Photo: James Bombales

The month after Ontario’s Fair Housing Plan was announced in April, new listings flooded the Greater Toronto Area’s resale market as sales nosedived and even prices, until then recording seemingly unstoppable growth, fell.

But supporting what some observers have already noted, numbers from Altus Group released today suggest the 16-point policy move’s impact on the new-construction market wasn’t so dramatic.

“For the new homes market, the Province’s Fair Housing Plan has had little real effect,” says Bryan Tuckey, CEO of the Building Industry and Land Development Association (BILD), an industry group that publishes Altus Group data each month.

“Prices continue to increase and supply, especially for single-family low-rise homes, continues to be low,” Tuckey adds.

For low-rise homes in general, builders were asking an average of $1,222,699 in May, an increase of roughly $10,000 from the month before and up 40 per cent from exactly a year before.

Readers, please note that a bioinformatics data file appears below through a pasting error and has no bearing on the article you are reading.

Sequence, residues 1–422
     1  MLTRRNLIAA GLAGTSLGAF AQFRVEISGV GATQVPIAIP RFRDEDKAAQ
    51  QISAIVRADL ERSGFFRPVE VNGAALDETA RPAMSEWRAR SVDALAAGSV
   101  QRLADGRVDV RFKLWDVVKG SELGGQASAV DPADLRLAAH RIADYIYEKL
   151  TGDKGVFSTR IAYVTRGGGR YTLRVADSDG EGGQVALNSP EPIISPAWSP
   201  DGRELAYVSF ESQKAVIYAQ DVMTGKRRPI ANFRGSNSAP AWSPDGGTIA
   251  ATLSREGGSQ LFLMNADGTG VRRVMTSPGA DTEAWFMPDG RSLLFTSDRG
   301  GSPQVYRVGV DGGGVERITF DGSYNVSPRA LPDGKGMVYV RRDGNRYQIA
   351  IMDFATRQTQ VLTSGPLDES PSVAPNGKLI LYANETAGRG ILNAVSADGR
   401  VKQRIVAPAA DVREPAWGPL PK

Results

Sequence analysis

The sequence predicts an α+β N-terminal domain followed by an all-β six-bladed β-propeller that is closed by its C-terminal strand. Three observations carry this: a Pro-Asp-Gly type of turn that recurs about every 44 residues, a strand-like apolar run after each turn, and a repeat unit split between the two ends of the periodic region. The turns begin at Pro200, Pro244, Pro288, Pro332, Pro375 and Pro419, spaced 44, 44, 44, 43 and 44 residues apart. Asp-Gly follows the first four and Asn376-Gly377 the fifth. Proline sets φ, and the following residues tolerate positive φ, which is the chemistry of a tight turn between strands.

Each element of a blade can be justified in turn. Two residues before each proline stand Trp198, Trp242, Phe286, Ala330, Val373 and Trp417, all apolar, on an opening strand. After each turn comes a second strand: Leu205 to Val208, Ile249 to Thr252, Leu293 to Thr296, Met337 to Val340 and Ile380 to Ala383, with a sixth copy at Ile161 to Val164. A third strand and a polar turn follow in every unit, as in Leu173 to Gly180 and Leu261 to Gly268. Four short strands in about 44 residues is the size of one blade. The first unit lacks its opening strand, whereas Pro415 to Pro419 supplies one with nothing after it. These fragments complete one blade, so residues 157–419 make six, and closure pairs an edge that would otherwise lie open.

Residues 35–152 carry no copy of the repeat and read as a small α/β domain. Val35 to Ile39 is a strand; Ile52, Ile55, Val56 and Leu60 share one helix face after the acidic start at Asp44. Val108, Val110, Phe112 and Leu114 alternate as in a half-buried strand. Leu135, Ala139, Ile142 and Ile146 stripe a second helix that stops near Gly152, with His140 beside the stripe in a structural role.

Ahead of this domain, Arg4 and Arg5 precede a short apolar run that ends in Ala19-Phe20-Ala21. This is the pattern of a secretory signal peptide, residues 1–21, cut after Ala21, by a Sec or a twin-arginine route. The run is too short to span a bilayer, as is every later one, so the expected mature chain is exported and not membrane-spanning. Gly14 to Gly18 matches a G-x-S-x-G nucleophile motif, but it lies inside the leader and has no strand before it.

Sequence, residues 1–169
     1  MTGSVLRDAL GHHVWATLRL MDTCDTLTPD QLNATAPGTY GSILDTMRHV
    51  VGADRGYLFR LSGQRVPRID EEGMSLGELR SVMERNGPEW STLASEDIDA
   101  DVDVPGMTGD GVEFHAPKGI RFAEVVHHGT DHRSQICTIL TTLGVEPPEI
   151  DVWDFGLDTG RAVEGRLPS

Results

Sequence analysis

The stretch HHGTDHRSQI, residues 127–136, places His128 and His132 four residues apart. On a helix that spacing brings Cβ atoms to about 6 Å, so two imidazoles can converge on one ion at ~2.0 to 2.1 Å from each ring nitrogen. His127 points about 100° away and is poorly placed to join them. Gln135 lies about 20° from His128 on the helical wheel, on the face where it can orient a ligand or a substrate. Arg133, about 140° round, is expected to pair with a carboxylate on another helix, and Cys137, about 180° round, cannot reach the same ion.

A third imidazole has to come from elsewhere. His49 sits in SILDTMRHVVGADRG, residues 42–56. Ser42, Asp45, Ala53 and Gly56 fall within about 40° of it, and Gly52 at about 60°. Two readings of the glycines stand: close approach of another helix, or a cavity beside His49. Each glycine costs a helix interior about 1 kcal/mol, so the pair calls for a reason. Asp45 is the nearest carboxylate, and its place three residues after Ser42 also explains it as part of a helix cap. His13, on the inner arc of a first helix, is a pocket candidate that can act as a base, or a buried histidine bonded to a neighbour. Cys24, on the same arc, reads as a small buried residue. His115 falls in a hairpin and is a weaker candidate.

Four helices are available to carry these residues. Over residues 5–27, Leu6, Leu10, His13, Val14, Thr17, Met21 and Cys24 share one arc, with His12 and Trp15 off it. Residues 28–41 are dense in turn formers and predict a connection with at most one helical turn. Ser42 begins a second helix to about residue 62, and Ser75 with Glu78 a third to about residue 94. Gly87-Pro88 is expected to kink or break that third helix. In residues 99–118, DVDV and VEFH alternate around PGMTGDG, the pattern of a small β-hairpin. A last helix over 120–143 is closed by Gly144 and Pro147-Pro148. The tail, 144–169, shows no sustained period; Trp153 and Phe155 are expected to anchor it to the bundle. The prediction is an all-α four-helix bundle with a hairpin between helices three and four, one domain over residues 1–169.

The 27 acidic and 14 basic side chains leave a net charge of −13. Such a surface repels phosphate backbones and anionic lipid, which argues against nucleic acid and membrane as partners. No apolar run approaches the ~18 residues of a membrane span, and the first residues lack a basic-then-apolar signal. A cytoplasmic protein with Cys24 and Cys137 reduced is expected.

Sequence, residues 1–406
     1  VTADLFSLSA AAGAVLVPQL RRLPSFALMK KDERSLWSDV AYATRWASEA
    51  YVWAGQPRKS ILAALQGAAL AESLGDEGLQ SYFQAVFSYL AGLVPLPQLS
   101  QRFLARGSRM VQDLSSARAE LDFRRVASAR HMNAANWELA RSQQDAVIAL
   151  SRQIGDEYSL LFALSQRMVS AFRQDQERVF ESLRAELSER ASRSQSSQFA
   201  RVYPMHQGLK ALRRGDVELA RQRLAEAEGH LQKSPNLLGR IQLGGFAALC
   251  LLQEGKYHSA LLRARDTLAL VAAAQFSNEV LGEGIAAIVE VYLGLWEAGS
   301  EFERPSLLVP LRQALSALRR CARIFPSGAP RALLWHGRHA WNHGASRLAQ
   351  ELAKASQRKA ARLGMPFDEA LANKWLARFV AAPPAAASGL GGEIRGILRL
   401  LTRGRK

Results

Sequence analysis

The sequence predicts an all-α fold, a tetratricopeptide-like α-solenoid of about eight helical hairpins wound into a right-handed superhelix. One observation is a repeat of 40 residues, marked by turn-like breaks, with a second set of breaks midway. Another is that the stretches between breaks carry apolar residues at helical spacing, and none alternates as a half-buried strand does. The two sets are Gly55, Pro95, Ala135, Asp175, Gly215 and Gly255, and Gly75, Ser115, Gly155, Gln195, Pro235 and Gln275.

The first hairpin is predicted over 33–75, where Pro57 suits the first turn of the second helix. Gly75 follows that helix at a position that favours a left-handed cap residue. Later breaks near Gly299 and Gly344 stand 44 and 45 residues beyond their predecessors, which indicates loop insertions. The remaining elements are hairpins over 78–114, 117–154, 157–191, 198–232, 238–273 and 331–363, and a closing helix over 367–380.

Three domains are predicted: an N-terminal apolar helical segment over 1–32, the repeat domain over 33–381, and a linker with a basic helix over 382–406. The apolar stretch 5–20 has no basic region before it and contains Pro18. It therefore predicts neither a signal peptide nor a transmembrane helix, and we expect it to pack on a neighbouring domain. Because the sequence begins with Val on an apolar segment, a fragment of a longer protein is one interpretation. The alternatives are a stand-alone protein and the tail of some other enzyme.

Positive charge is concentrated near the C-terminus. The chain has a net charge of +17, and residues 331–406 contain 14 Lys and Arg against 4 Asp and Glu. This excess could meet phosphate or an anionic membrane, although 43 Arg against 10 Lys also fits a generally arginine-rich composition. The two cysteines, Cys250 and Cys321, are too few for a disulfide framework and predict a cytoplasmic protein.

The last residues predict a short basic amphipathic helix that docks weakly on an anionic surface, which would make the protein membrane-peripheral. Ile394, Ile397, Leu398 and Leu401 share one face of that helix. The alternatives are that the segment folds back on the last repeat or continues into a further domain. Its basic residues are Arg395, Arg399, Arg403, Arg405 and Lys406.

Specifically, the average asking price was $1,942,316 for detached homes and $919,231 for semi-detached dwellings. And — for the first time on record — townhouses had an average asking price of over $1 million, squeaking past that milestone by $2,220.

The building industry often points to supply as the main root of the region’s affordability woes, and of the 10,820 new homes for sale in May, just 1,414 were low-rise single-family homes.

Overall supply is well shy of the 19,209 new homes on the market in May 2016 and is a drastic departure from the 29,754 available a decade ago, when 16,420 were low-rise single-family homes.

A vast majority of new, available homes were condo units, yet asking prices for this housing type soared 33 per cent annually to an average of $604,683 in May.

“The price acceleration in the condo portion of the market is especially worrisome since it not only represents the lion’s share of new housing in the GTA, it’s also making it difficult for condos to remain the affordable option.”

That condos are the only affordable housing type for many GTA buyers creates built-in demand which partly explains price gains in that segment, one economist recently told BuzzBuzzNews.

Out of 3,902 new home sales recorded in May, 3,357 were high-rise condo sales and 545 were low-rise home sales.

So far this year sales activity is on pace to reach a record high. Buyers have snapped up 22,814 new homes from January to May, with roughly 75 per cent of those being condo units.

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